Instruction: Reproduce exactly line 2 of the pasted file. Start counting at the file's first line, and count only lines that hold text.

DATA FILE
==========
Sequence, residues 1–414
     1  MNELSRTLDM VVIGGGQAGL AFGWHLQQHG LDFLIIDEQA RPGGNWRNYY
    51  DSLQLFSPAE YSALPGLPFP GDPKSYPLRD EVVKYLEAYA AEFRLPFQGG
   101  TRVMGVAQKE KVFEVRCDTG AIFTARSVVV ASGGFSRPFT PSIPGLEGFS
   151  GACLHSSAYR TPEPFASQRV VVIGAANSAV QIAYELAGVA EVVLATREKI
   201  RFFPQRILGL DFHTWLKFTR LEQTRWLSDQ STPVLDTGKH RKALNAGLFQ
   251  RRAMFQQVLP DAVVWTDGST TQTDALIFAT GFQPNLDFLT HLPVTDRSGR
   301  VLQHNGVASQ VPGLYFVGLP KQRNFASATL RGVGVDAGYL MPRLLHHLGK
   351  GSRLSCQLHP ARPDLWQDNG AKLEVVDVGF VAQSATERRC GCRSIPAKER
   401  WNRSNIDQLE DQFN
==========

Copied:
     1  MNELSRTLDM VVIGGGQAGL AFGWHLQQHG LDFLIIDEQA RPGGNWRNYY